“Thank you Tom- I've been praying for wisdom also on this- I am so glad to know you join me in this- God will have to show me what to do on the people's budget because I don't yet know the right path... He will show me though. Thank you and God bless your day today!”
In an earlier exchange with Irwin on the AGIA or the Alaska Gasoline Inducement Act, she prays that others will find God’s wisdom:
“…I wish and pray that those who act like ignorant sheep listening to baa's and blah's from uninformed, selfish critics of AGIA would wake up to the amazing efforts and success of your team. You are patient and gracious and wise ... and so tenacious . I speak for true Alaskans who care to see fairness , justice and a successful resource development plan : you are loved and appreciated beyond words! And we have great faith that you're on the right path, AGIA is key, and there will be victory for Alaska thanks to you all.”
11:28 a.m. AT (3:28 p.m. ET): There was a great deal of back-and-forth among Palin and her aides and state lawyers in 2007 and 2008 on these questions:
Could all the emails on their Blackberrys and personal e-mail accounts be subpoenaed?
Are emails from personal accounts routed through the state's computers if they're sent to Blackberrys that the state pays for?
The governor and her staffers seemed to be weighing two concerns: They wanted the state government to pay for their smartphones, but they wanted to make sure that they could protect the privacy of their communications from public records requests or subpoena.
You can see these emails with a search in msnbc.com's online archive for the word "subpoena."
10:43 a.m. AT (2:43 p.m. ET): BP, the oil company with deep interests in Alaska, called the governor's office on March 26, 2007, looking for someone to serve on its Benevolent Giving Board, which decides which charitable organizations should receive BP contributions. The governor's aide, Ivy Frye, suggested a couple of names. Gov. Palin fired back from her Yahoo email account: "My sister. If not her, then a missionary friend of mine - I"ll get her name."
9:44 a.m. AT (1:45 p.m. ET): A governor laments about her closing circle of people she can trust. Nearly a year into her term as governor, Sarah Palin had a falling out with a former speechwriter, Glen Biegel. It accelerated after he made negative comments on a local radio show.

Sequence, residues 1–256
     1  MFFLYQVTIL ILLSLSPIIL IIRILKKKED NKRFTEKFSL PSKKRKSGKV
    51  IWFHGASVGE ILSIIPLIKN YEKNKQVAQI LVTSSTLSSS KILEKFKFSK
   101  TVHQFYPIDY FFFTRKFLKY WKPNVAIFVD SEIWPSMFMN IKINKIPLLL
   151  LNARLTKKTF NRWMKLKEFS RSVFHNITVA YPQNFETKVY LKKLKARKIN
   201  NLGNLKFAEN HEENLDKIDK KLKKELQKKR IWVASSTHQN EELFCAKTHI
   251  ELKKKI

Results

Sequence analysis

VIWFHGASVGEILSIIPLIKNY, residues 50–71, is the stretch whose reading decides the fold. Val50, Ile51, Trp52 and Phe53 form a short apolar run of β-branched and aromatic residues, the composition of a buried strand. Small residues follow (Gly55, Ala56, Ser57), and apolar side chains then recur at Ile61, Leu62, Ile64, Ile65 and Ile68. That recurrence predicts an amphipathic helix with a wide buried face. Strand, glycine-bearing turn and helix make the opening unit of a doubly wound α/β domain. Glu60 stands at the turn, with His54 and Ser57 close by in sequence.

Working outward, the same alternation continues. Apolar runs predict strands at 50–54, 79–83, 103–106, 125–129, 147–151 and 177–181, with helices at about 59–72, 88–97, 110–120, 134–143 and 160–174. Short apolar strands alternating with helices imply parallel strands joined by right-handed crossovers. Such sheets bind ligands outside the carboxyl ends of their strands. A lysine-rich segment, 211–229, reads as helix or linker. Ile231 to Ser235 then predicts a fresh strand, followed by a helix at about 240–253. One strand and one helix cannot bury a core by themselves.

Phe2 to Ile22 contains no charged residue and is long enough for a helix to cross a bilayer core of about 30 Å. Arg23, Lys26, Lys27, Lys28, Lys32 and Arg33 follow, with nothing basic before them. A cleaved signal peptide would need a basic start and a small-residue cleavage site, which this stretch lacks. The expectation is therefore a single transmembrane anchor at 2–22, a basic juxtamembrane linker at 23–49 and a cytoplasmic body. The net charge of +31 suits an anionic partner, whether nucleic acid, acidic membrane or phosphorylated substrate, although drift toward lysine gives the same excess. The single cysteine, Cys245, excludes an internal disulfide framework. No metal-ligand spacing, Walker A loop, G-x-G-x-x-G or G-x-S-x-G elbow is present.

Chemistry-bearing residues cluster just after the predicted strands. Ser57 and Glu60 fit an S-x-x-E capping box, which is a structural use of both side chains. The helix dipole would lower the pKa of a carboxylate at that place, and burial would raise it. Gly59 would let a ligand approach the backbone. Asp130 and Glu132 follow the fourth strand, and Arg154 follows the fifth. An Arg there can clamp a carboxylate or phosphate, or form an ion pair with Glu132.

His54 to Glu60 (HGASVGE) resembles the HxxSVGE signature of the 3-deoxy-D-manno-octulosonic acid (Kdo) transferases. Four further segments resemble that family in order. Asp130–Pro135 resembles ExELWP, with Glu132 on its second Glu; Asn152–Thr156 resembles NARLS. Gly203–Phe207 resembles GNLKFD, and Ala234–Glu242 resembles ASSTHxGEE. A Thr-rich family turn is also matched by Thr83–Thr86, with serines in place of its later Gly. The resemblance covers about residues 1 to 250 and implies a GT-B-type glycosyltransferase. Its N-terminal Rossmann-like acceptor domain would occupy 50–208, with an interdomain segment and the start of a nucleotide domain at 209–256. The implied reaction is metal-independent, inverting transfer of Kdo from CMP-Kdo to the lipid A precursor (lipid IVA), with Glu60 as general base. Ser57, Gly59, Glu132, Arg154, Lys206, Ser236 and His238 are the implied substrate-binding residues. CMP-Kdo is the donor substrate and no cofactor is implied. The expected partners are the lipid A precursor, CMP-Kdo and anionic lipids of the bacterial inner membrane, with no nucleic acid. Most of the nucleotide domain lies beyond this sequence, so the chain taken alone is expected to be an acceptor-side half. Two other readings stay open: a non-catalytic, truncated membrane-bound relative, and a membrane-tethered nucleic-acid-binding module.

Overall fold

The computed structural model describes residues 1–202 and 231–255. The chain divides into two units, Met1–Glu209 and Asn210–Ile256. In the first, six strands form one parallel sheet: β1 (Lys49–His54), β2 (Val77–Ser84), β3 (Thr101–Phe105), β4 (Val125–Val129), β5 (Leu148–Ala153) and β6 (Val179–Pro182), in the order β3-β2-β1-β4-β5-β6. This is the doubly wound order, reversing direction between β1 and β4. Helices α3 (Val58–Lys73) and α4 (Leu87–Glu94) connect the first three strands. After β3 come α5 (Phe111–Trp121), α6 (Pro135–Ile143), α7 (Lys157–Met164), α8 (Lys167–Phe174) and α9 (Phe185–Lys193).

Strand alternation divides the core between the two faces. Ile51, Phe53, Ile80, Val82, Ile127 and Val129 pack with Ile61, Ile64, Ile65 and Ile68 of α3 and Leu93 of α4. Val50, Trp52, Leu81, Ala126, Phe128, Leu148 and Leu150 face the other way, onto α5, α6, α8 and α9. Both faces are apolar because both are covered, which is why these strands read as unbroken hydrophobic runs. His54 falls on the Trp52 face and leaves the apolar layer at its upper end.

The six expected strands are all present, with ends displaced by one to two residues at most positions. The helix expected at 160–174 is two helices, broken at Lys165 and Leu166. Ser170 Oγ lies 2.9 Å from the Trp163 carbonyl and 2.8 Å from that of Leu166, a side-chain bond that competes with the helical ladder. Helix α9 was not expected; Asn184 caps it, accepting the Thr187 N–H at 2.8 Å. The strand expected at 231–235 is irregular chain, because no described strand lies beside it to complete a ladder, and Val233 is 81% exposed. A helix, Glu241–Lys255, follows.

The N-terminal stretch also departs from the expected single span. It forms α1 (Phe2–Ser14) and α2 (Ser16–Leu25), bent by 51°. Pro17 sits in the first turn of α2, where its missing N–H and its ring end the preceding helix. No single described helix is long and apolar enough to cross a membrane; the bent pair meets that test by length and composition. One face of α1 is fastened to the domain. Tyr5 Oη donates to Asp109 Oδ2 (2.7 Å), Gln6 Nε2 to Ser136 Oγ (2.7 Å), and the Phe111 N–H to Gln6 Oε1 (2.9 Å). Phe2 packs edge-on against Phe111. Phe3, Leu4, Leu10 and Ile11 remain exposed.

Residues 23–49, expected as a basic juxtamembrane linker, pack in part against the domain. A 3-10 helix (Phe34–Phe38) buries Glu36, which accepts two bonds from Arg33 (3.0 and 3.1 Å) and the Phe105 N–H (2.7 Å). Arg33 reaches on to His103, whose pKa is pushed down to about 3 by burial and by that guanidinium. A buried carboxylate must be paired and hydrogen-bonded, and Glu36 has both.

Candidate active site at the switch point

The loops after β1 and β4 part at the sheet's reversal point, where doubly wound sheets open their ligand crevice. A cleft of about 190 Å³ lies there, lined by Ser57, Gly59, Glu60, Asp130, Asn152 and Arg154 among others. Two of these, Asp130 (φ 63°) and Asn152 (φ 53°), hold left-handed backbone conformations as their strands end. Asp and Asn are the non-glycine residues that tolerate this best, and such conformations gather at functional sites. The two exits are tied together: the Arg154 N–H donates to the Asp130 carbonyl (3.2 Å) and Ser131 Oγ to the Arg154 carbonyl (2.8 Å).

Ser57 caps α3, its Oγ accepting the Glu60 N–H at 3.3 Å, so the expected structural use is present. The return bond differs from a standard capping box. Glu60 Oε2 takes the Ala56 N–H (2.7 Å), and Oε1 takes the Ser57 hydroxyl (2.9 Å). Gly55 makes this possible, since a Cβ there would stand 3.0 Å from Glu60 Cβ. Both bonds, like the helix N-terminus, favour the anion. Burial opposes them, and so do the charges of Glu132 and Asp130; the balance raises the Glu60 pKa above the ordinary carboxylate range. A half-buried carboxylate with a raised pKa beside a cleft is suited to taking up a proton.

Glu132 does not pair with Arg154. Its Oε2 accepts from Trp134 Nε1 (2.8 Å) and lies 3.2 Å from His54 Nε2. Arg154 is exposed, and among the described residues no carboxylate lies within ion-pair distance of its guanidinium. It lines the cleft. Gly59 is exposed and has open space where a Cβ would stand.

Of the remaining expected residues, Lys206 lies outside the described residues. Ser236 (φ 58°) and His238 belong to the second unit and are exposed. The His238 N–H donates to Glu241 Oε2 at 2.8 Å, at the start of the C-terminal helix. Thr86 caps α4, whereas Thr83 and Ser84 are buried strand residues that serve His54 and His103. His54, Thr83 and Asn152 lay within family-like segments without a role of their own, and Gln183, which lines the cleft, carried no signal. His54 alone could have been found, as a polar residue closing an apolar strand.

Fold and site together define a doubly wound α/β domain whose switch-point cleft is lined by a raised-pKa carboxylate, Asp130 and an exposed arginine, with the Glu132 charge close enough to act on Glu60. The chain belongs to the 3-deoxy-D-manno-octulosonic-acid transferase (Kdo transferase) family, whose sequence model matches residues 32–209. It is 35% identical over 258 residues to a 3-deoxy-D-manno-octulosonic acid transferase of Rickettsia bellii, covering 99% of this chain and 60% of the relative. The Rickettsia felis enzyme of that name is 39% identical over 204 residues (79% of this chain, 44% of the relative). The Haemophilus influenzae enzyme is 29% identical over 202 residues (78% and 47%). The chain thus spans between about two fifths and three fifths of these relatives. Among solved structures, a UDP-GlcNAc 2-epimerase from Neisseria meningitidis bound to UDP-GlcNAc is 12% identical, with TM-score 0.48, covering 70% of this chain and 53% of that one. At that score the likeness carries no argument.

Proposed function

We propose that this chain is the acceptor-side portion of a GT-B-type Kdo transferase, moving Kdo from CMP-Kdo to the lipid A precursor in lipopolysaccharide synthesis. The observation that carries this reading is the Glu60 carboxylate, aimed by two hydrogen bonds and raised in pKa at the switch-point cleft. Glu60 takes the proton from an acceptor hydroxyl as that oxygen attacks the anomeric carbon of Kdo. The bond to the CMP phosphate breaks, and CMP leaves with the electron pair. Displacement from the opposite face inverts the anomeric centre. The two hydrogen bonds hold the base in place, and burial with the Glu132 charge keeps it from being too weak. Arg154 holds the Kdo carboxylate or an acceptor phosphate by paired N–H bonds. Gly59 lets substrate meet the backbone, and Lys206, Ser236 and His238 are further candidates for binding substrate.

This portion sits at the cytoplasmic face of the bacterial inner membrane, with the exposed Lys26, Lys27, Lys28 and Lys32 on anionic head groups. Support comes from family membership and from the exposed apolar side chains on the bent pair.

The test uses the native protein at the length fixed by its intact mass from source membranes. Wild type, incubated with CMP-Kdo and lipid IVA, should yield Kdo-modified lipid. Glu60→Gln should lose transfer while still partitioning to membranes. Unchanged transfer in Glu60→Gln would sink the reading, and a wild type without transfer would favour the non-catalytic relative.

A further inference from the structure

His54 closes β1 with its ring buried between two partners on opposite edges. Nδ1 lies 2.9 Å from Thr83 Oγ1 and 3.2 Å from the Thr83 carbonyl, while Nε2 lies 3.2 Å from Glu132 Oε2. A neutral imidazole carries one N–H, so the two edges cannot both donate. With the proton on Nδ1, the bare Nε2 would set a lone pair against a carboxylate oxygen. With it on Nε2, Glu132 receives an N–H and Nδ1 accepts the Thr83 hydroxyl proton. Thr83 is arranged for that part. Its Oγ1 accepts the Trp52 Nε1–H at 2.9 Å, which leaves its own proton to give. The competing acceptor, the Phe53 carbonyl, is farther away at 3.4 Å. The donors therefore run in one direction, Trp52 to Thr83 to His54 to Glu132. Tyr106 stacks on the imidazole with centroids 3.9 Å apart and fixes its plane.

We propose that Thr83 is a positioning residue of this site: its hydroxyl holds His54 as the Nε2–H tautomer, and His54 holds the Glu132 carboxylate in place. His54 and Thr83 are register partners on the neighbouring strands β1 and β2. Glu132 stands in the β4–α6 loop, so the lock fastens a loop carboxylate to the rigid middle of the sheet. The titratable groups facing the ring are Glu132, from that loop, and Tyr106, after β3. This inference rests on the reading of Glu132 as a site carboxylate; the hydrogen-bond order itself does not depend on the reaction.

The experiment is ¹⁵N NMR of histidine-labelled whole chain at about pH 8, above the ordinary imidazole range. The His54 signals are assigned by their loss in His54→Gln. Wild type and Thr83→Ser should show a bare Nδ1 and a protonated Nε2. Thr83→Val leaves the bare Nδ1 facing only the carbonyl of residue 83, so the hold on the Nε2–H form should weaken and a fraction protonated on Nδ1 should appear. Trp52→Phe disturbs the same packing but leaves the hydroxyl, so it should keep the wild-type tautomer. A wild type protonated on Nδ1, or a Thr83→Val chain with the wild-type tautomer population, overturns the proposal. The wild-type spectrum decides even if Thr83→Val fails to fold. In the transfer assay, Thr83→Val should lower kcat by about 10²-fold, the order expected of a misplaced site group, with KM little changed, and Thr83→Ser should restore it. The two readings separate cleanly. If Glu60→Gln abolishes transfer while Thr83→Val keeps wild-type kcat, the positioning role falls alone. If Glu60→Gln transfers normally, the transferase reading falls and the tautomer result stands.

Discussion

Palin replied with one of her longest emails we've seen so far, an eight-paragraph expression of sadness and disappointment.
An excerpt from the email on Sept. 12, 2007:
"Glen - I don't even know what to say after catching your visit on Fagan's show yesterday. I wanted to call in and ask 'why? ...
"After yesterday it's been confirmed: The circle of confidants is so small in the world of politics, much less the circle of friends. Your comments and follow-on agreements with Fagan about his 'more broken promises' claims, claims of pandering to media and not being conservative, etc, etc, etc... it was all heartbreaking... but eye-opening for me as the circle grew smaller right before my ears."
And later in the email: "Sorry to be so long in this email - I just am baffled and saddened that the circle closes ever smaller."
9:10 a.m. AT (1:10 p.m. ET): It’s well known that there was tension between the Palin and McCain teams during the 2008 campaign. An email, dated Sept. 3, 2008, shows early rifts.
The email, forwarded to Palin by her then-communications director William McAllister, was written by a person identified only as "Phil," and complains about the "McCain hacks" who helped write a speech Palin gave as not doing "the ticket much good."